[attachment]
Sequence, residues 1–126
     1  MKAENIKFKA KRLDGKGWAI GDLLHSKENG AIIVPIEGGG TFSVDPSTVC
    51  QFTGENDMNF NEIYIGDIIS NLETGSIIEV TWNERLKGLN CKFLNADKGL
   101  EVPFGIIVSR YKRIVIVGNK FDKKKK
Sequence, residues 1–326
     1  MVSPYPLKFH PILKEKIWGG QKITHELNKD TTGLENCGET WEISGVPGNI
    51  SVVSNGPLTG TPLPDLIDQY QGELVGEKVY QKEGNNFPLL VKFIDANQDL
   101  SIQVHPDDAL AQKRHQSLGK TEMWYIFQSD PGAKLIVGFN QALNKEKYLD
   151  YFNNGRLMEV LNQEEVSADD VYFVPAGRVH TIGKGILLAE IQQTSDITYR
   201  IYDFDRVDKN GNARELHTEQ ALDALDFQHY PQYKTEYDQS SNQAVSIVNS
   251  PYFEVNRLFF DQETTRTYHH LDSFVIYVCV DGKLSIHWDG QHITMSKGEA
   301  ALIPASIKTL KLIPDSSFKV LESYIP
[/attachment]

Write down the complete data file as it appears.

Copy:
Sequence, residues 1–126
     1  MKAENIKFKA KRLDGKGWAI GDLLHSKENG AIIVPIEGGG TFSVDPSTVC
    51  QFTGENDMNF NEIYIGDIIS NLETGSIIEV TWNERLKGLN CKFLNADKGL
   101  EVPFGIIVSR YKRIVIVGNK FDKKKK
Sequence, residues 1–326
     1  MVSPYPLKFH PILKEKIWGG QKITHELNKD TTGLENCGET WEISGVPGNI
    51  SVVSNGPLTG TPLPDLIDQY QGELVGEKVY QKEGNNFPLL VKFIDANQDL
   101  SIQVHPDDAL AQKRHQSLGK TEMWYIFQSD PGAKLIVGFN QALNKEKYLD
   151  YFNNGRLMEV LNQEEVSADD VYFVPAGRVH TIGKGILLAE IQQTSDITYR
   201  IYDFDRVDKN GNARELHTEQ ALDALDFQHY PQYKTEYDQS SNQAVSIVNS
   251  PYFEVNRLFF DQETTRTYHH LDSFVIYVCV DGKLSIHWDG QHITMSKGEA
   301  ALIPASIKTL KLIPDSSFKV LESYIP